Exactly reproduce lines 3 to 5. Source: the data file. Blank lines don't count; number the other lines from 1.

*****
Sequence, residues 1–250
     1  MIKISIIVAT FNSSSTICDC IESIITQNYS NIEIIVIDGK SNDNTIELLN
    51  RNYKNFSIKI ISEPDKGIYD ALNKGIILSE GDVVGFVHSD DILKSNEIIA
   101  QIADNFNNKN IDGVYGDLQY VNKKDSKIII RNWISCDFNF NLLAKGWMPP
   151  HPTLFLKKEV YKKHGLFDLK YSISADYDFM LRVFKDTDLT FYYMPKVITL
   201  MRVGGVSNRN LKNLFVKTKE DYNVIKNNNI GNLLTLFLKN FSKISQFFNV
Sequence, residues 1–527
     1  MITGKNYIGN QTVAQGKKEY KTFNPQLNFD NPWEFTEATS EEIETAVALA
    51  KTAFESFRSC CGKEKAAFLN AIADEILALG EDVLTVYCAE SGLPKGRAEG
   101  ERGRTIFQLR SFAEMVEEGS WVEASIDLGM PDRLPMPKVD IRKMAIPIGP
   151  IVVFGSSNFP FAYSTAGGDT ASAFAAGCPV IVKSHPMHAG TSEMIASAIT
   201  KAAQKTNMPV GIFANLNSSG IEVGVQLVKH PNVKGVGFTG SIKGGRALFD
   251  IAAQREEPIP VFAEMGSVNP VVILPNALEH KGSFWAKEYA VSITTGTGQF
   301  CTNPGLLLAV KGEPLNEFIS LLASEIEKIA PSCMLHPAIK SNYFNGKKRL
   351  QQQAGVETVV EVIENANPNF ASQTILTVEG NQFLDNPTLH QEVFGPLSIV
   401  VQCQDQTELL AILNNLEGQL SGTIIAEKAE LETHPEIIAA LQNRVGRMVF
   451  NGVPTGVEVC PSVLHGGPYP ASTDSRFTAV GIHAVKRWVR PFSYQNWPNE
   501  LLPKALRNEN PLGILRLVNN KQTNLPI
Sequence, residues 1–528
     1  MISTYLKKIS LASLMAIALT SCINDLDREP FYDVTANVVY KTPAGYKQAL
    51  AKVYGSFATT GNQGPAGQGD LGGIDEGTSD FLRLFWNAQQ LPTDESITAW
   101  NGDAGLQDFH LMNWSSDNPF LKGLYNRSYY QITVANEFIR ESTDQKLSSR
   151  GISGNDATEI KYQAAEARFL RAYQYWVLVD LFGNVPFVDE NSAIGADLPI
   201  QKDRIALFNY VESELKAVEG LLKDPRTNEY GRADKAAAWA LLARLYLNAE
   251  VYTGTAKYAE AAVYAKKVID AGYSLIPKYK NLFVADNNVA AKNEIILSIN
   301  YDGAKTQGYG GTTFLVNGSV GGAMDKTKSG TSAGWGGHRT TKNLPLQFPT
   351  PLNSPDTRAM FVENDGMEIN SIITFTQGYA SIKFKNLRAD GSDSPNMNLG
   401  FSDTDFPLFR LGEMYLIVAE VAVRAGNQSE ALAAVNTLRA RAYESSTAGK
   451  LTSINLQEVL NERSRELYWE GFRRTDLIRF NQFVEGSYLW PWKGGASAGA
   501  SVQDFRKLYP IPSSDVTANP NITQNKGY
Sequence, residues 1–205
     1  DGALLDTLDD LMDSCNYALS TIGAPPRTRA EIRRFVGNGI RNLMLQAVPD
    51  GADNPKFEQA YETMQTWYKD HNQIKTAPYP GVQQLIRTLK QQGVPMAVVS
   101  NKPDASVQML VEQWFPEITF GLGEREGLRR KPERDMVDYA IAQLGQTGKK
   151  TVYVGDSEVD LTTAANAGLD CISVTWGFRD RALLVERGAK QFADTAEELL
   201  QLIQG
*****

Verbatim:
    51  RNYKNFSIKI ISEPDKGIYD ALNKGIILSE GDVVGFVHSD DILKSNEIIA
   101  QIADNFNNKN IDGVYGDLQY VNKKDSKIII RNWISCDFNF NLLAKGWMPP
   151  HPTLFLKKEV YKKHGLFDLK YSISADYDFM LRVFKDTDLT FYYMPKVITL